Wednesday, June 1, 2016

The Forgotten Veterans #old west #doctors @JacquieRogers

The Forgotten Veterans

Today is May 31, which in my mind is Memorial Day.  Yes, I know people prefer a three-day weekend, so it's the fourth Monday in May now, but when I was growing up (showing my age here!), it was May 31.

Most everyone in Owyhee County did the same thing--load up the trunk of the car with flowers cut from the garden (a whole ritual itself), get the kids in the car, the dog out of the car, and drive to the cemeteries.  We went to four: my dad's brother, who was killed in the final days of World War II, is buried in the Wilder cemetery.  My great-grandmother and great-great-grandmother are buried in Parma.  Mom's father and other family members were in the Caldwell cemetery, and we had several family friends (and now my parents) in the Homedale cemetery.

After cleaning and decorating the graves, we'd all congregate at a designated relative's house and have a huge potluck dinner.  Some years, the American Legion put on a ceremony with a three-volley (if I remember right) salute.  It always touched my heart and we never missed going to one.

On Facebook and Twitter, there are a bazillion memes about our fallen warriors--WWI, WWII, Vietnam, Korea, and the Middle East.  Some even include Civil War.  

Today, I read an article in The Owyhee Avalanche that reminded me of other veterans who’ve served our country—the men who were sent to the West to fight the Indian Wars.  And not just the fighting soldiers, but all the support staff as well.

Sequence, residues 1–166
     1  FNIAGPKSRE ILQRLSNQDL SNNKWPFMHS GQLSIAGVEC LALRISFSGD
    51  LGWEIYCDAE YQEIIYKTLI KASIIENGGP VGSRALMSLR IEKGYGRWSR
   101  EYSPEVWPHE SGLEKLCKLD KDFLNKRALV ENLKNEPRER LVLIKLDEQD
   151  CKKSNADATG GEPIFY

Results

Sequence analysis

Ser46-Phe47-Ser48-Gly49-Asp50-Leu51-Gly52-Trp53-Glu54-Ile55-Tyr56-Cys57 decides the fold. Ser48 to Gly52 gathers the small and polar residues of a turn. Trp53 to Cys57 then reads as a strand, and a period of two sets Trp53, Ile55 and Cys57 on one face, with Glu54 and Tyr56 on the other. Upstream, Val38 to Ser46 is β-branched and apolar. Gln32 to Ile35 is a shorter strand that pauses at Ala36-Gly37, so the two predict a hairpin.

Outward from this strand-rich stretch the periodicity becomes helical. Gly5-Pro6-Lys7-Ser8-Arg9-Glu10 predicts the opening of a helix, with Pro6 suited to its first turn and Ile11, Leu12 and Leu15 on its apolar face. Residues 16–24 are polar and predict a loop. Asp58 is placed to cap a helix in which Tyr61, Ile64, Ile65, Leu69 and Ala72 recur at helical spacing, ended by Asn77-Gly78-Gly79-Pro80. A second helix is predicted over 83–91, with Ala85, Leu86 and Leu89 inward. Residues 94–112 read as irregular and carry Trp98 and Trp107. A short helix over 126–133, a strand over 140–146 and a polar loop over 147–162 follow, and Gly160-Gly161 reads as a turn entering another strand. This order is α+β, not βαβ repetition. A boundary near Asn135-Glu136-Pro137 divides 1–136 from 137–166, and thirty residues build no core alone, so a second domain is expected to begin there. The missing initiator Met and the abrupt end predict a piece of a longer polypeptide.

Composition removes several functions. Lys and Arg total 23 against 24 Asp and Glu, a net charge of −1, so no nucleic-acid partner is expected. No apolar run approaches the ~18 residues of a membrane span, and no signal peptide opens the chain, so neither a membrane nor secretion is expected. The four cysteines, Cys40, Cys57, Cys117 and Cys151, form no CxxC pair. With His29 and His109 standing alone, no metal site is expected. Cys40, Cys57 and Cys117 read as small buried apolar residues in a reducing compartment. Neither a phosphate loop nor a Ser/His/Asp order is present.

In the mid to late 1800s, these men served their country in the best manner they could believing that they were doing the right thing for their country and fellow man.  They subsisted in harsh, primitive conditions and fought bravely in spite of their hardships.  The fact that genocide, by any measure, is wrong, does not negate the fact that they gave their all for our country.

One of these men was highlighted in the May 27, 1876, issue of The Owyhee Avalanche.  No, it’s not about his contribution to the war effort—it’s an article about the death of one of Silver City’s doctors.

Thank you to all the veterans who paved the way for the rest of us to live free.

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  1. Jacquie,

    Thank you for sharing the story of the good doctor. We tend to forget the contributions people like Dr. C made in his lifetime. While we cannot know each by name, we can honor the memory of all who did what they did in the hope of making life better. Doris

    1. Thanks for stopping by, Doris. We talk about Old West doctors, and we talk about the Indian Wars, but we forget that a lot of those doctors came West with the Army, then stayed.

  2. Jacquie,

    As an old man looking back, my family participated in a lot of Veterans Day events. As a kid I played taps at the annual courthouse ceremony. As a Commander of a VFW, we planted a lot of flags on veteran’s graves.

    The world seems to be harsher and more divisive than ever.

    But for those who reach our age, there are a lot of bittersweet memories about honoring those who fought and died in the many wars this country was involved in.